Misoprostol can also cause severe birth defects, in cases where the drug is administered but the pregnancy remains, further necessitating earlier follow-up care.

Given the lower efficacy rate, more patients may choose surgical options, such as a suction dilation and curettage, known as a suction D&C, in which a provider opens the cervix and places a tube inside to remove pregnancy tissue.

Dr. Alisa Goldberg, vice president of clinical training and research for Planned Parenthood of Massachusetts, said Planned Parenthood could likely accommodate an incremental increase in surgical cases.

However, if the majority of the abortions that are now medically managed change to surgical abortions, that could strain already overburdened health care facilities.

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“We are already working at capacity at MGH,” Pocius said. “To add more surgical cases is really hard. We’re committed to abortion care and miscarriage management, but it will take a lot of resources if we need to increase surgical management options.”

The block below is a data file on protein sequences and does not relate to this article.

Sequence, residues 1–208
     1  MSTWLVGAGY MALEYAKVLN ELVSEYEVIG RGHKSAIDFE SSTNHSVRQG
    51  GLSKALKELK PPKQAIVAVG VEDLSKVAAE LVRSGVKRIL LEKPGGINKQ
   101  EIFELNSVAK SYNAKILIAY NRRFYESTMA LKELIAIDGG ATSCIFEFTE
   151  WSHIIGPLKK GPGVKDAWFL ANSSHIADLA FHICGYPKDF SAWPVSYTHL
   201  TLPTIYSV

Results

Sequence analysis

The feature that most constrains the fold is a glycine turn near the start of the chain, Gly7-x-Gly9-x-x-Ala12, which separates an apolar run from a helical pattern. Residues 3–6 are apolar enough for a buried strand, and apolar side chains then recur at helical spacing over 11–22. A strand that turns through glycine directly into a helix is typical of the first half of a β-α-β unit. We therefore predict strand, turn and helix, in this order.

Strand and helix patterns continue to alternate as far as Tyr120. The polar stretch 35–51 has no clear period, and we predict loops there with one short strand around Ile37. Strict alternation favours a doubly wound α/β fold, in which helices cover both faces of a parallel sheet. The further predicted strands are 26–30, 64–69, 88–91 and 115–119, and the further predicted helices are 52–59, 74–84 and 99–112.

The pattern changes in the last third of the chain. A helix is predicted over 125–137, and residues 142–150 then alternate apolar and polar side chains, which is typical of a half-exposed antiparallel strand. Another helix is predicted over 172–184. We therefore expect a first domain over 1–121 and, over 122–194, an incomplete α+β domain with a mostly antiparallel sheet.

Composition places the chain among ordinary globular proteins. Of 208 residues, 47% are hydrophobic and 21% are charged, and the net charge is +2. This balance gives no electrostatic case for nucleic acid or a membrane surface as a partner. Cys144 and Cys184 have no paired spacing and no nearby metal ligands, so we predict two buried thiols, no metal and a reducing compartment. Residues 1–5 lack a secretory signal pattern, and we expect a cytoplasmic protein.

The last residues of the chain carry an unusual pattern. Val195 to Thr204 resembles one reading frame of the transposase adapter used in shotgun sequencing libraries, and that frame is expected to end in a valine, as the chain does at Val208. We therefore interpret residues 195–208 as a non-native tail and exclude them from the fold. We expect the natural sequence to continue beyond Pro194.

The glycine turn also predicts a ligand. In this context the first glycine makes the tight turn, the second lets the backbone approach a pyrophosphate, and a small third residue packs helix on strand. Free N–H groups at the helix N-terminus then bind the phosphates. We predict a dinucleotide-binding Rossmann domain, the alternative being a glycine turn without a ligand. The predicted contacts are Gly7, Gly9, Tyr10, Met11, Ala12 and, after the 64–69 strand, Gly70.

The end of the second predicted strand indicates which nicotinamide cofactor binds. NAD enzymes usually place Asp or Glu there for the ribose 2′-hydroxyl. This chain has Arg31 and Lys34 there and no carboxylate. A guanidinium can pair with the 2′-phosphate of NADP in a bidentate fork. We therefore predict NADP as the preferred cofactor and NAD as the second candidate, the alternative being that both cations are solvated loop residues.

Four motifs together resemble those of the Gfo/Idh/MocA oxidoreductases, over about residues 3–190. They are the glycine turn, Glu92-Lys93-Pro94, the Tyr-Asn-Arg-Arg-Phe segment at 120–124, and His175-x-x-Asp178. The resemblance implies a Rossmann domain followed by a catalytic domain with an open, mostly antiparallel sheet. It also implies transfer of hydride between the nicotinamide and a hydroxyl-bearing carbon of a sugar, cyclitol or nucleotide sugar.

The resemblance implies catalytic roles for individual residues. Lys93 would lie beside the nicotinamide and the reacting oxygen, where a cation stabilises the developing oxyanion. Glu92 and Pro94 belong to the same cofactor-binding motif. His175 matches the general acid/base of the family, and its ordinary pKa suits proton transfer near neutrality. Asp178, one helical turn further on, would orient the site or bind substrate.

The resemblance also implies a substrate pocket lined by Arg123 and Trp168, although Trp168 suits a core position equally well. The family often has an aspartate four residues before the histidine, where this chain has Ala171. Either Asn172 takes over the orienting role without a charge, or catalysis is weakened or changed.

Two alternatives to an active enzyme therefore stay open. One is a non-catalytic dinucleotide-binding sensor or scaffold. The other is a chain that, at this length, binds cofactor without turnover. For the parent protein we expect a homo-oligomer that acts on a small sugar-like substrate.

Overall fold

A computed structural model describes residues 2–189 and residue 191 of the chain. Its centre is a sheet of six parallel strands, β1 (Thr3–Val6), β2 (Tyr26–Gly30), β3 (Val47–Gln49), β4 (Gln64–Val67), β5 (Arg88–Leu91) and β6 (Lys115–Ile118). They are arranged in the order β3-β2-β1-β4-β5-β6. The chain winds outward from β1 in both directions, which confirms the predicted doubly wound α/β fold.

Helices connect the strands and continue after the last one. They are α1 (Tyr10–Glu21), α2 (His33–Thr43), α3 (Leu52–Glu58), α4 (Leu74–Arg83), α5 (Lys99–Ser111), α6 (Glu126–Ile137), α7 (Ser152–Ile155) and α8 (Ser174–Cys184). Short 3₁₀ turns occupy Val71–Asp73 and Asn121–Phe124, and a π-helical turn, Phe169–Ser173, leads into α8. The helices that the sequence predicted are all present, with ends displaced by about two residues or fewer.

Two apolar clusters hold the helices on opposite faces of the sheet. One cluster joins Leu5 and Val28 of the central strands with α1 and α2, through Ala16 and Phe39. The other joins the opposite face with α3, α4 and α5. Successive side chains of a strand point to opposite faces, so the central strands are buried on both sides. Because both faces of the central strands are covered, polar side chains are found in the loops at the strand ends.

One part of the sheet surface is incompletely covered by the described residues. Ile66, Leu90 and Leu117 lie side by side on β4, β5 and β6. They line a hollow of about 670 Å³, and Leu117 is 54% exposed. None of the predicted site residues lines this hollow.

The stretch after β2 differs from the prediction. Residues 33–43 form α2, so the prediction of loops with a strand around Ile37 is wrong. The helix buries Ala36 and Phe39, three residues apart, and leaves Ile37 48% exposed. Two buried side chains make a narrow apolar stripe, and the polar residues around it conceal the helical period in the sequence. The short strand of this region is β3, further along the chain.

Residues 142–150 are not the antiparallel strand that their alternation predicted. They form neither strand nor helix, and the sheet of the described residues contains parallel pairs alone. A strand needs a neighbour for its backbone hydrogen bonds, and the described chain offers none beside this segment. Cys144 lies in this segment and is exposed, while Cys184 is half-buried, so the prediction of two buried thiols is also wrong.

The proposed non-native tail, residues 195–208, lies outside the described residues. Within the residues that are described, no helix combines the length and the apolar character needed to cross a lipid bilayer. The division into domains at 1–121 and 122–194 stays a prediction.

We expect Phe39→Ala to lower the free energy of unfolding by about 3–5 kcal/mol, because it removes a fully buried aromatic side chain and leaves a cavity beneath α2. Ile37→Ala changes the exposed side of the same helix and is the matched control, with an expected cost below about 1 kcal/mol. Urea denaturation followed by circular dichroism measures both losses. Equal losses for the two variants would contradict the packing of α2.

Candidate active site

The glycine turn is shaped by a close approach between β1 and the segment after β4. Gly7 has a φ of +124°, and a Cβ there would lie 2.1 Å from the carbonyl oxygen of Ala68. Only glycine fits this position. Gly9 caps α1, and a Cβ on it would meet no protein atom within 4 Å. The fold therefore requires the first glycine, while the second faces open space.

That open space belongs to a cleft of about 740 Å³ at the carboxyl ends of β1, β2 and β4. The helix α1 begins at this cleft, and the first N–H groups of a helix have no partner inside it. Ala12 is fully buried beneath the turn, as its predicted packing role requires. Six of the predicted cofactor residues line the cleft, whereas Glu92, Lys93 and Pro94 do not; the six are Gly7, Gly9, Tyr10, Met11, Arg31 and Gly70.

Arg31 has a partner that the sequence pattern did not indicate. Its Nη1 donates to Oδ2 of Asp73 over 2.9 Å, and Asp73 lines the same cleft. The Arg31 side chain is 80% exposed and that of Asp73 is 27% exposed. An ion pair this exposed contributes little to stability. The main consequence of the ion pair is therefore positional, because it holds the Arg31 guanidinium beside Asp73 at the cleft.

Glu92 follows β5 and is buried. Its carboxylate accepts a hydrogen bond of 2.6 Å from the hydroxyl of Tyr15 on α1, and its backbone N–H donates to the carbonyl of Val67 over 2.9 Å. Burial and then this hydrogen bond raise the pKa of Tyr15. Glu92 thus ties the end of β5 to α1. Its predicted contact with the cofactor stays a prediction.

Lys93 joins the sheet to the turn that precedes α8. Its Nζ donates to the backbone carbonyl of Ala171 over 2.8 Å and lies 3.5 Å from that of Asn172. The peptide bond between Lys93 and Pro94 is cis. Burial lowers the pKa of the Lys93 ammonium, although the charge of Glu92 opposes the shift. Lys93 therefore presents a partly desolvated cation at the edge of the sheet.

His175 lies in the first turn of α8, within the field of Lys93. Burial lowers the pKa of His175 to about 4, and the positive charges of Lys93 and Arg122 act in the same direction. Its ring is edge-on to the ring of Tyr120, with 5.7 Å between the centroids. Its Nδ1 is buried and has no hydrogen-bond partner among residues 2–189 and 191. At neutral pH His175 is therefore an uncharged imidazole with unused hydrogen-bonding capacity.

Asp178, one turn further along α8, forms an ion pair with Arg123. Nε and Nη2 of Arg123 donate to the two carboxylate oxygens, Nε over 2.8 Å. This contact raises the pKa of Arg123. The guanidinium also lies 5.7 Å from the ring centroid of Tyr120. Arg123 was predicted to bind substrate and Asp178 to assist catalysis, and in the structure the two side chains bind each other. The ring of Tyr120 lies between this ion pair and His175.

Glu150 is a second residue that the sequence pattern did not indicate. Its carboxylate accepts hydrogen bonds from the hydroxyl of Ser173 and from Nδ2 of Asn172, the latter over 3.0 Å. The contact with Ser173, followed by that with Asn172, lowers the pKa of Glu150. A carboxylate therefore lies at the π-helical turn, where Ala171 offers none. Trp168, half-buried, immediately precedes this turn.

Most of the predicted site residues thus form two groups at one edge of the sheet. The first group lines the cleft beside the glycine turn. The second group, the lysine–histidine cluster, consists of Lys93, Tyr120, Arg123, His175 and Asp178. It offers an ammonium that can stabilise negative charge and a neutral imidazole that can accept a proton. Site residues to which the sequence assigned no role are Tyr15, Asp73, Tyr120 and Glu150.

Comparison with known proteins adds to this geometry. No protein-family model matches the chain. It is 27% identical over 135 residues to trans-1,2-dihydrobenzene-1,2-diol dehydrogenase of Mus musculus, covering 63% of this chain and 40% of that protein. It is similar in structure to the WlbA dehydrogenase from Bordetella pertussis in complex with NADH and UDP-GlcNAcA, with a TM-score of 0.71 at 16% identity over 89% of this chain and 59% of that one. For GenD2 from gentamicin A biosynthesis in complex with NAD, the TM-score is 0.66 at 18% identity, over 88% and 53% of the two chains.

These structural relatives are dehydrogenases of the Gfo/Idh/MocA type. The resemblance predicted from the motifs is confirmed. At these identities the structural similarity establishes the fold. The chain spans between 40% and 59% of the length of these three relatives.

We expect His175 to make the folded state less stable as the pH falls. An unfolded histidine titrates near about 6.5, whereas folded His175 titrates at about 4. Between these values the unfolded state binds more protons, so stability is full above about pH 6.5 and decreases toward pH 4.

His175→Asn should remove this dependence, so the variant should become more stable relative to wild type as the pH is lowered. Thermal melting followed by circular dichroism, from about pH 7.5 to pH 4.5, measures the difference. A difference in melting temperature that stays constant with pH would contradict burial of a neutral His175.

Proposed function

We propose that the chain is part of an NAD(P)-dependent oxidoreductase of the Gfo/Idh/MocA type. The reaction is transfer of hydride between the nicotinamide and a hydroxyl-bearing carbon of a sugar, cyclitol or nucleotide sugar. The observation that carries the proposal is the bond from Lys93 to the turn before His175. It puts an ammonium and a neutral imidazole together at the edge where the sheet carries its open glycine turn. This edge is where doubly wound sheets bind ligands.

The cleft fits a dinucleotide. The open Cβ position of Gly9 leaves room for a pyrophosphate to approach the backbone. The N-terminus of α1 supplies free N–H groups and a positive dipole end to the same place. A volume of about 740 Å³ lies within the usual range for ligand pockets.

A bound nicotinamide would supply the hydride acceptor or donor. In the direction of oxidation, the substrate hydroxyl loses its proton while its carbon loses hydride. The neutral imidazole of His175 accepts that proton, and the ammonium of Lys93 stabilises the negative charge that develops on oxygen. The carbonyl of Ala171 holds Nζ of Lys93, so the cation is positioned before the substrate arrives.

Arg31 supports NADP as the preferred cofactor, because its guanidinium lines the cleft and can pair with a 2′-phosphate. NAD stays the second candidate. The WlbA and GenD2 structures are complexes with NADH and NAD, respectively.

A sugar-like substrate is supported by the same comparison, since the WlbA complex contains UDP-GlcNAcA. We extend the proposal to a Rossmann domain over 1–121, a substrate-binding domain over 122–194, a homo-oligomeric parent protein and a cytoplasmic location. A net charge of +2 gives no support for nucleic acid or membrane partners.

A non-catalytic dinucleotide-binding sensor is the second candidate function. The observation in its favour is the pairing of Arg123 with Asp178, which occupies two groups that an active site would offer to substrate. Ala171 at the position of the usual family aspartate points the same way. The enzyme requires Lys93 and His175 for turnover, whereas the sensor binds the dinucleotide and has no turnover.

Dr. Erika Werner, chair of obstetrics and gynecology at Tufts Medical Center and Tufts Medical School, and chair of the Society of Maternal-Fetal Medicine’s Health Policy and Advocacy Committee, said Tufts is looking to increase operating room availability for abortion and miscarriage procedures, not only because of a potential increase in surgical cases locally, but from increased cases coming to Massachusetts from states with even fewer options.

Werner said they have also made the ER, urgent care centers, and doctor’s offices aware that they might see more patients from abortions or miscarriages that are not effectively ended with the one drug.

“And it’s going to drive up health care costs,” Werner said. “A D&C is so much more expensive than mifepristone and misoprostol. Particularly in a state like Massachusetts, where some abortion care is covered, it’s going to cost [insurers] more.”

Some providers worry that the judge could go even further in his decision, referencing an 1873 law known as the Comstock Act, which forbade the US Postal Service from delivering medication for abortion. While the current case is focused on mifepristone, invoking the Comstock Act could imperil misoprostol in future cases.